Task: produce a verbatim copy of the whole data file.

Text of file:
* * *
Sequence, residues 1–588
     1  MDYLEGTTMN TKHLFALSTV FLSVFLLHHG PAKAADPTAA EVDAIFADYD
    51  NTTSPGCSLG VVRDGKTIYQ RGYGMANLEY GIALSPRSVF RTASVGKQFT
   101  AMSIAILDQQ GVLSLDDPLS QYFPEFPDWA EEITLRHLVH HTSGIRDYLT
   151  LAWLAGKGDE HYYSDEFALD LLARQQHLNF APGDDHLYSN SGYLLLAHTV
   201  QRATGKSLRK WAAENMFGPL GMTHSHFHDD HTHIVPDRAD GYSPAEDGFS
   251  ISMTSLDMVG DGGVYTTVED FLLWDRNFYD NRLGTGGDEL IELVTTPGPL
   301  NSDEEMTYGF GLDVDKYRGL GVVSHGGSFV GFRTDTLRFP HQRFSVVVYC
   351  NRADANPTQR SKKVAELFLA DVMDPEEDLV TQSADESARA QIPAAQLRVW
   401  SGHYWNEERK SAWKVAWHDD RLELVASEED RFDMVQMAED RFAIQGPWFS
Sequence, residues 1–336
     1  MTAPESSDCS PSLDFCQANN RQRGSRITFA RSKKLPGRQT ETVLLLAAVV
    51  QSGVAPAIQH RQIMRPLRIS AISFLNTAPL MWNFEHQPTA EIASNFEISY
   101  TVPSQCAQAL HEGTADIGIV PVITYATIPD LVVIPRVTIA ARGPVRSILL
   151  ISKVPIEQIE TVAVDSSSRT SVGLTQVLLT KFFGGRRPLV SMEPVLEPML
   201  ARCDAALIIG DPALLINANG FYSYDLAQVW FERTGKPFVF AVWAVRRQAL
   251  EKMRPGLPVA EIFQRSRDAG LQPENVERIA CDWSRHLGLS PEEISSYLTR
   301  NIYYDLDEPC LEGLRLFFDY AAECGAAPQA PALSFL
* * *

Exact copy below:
Sequence, residues 1–588
     1  MDYLEGTTMN TKHLFALSTV FLSVFLLHHG PAKAADPTAA EVDAIFADYD
    51  NTTSPGCSLG VVRDGKTIYQ RGYGMANLEY GIALSPRSVF RTASVGKQFT
   101  AMSIAILDQQ GVLSLDDPLS QYFPEFPDWA EEITLRHLVH HTSGIRDYLT
   151  LAWLAGKGDE HYYSDEFALD LLARQQHLNF APGDDHLYSN SGYLLLAHTV
   201  QRATGKSLRK WAAENMFGPL GMTHSHFHDD HTHIVPDRAD GYSPAEDGFS
   251  ISMTSLDMVG DGGVYTTVED FLLWDRNFYD NRLGTGGDEL IELVTTPGPL
   301  NSDEEMTYGF GLDVDKYRGL GVVSHGGSFV GFRTDTLRFP HQRFSVVVYC
   351  NRADANPTQR SKKVAELFLA DVMDPEEDLV TQSADESARA QIPAAQLRVW
   401  SGHYWNEERK SAWKVAWHDD RLELVASEED RFDMVQMAED RFAIQGPWFS
Sequence, residues 1–336
     1  MTAPESSDCS PSLDFCQANN RQRGSRITFA RSKKLPGRQT ETVLLLAAVV
    51  QSGVAPAIQH RQIMRPLRIS AISFLNTAPL MWNFEHQPTA EIASNFEISY
   101  TVPSQCAQAL HEGTADIGIV PVITYATIPD LVVIPRVTIA ARGPVRSILL
   151  ISKVPIEQIE TVAVDSSSRT SVGLTQVLLT KFFGGRRPLV SMEPVLEPML
   201  ARCDAALIIG DPALLINANG FYSYDLAQVW FERTGKPFVF AVWAVRRQAL
   251  EKMRPGLPVA EIFQRSRDAG LQPENVERIA CDWSRHLGLS PEEISSYLTR
   301  NIYYDLDEPC LEGLRLFFDY AAECGAAPQA PALSFL